Nasa has announced that it will begin tests of a new ‘flying saucer’ that could one day help land people on Mars.
Unfortunately for conspiracy buffs, this isn’t the space agency finally confessing to developing those classic-look UFOs that plagued rural types in 1950s America, but the public’s first look at a new type of planetary lander known as the Low Density Supersonic Decelerator (LDSD).
This June, residents of the tiny Hawaiian island of Kauai will be treated to the unusual sight of this vehicle plummeting to the surface of the ocean after being hauled up to a height of 55 kilometres through a combination of rockets and high-altitude balloons.
The LDSD will fall from this height with its descent slowed from a speed of Mach 3.5 to lower than Mach 2 through a combination of inflatable discs and single giant parachute which will drastically increase the craft’s atmospheric drag.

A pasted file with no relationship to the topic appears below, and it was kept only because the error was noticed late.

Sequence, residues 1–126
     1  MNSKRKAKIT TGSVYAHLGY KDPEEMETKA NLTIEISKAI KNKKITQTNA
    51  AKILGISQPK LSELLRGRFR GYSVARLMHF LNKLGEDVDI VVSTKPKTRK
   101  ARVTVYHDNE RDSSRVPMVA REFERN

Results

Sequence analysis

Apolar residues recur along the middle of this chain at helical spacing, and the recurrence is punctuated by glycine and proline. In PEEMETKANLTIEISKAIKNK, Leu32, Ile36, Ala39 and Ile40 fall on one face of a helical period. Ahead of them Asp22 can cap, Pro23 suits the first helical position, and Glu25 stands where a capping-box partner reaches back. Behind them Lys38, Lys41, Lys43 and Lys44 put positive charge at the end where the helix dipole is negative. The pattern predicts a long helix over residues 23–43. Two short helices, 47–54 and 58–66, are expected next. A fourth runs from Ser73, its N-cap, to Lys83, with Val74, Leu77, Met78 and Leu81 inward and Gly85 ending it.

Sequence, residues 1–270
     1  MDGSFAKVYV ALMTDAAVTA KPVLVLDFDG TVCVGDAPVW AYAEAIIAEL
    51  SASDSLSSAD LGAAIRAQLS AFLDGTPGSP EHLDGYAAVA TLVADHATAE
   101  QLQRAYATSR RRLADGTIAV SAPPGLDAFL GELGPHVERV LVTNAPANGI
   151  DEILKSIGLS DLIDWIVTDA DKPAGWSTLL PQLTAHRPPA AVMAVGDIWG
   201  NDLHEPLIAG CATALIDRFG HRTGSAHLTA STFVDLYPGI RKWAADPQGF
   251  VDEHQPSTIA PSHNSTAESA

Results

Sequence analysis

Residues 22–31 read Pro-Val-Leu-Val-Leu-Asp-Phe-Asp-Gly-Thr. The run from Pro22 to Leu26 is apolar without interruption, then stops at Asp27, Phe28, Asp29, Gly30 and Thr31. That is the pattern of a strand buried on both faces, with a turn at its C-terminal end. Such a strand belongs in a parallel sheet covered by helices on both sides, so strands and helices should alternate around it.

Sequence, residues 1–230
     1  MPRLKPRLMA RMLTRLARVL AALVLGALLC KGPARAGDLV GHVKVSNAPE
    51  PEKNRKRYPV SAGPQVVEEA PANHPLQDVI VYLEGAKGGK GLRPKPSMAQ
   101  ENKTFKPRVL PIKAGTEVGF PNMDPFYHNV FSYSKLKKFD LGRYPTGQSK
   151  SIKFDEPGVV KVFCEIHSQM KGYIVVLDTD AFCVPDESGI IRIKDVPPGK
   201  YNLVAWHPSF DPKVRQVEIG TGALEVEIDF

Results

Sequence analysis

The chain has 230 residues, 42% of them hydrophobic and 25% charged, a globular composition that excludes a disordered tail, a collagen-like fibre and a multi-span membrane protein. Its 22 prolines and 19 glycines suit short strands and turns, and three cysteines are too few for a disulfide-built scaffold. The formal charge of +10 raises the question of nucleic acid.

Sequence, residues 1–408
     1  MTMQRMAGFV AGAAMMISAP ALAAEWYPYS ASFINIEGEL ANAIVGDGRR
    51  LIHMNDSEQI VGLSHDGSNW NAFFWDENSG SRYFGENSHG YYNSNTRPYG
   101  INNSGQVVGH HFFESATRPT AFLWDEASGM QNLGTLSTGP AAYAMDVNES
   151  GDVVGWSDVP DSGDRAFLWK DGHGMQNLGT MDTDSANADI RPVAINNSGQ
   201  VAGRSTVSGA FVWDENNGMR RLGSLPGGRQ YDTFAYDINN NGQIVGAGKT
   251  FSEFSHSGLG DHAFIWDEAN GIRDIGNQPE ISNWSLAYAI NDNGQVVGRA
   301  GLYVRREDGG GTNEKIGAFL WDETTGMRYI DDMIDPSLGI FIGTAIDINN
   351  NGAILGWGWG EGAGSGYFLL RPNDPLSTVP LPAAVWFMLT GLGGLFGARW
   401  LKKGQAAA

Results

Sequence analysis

It’s hoped that this technology will allow Nasa to land even larger payloads on the surface of Mars – a planet whose thin atmosphere (its only 1 per cent as dense as Earth’s) makes touching down without a bang extremely difficult.
"It may seem obvious, but the difference between landing and crashing is stopping," Allen Chen from Nasa’s Jet Propulsion Laboratory told New Scientist. “We really only have two options for stopping at Mars: rockets and aerodynamic drag."
Nasa’s current landing techniques have been in use since the 1976 Viking mission which deployed parachutes and rockets to safely drop a pair of landers on Mars. However, as these robots get heavier and more complex scientists are having difficulty ensuring their safe descent.
The car-sized Curiosity rover weighed just under a tonne but Nasa calculates that future manned missions could require anything between 40 to 100 times heavier loads. Rockets powerful enough to slow down this sort of load would end up destabilising the craft. This is bad enough when you’re risking a $2 billion lander like Curiosity, but out of the question if humans are the payload.
LDSD is attempting to solve this quandary through the use of balloon-like cushions that would rapidly inflate around the payload, increasing its surface area and consequently its atmospheric drag. A 33.5-metre parachute could then be safely deployed once the craft has been slowed.
Nasa thinks this design could support payloads between 1 and 10 times heavier than Curisioty and will be testing the system over the next couple of years.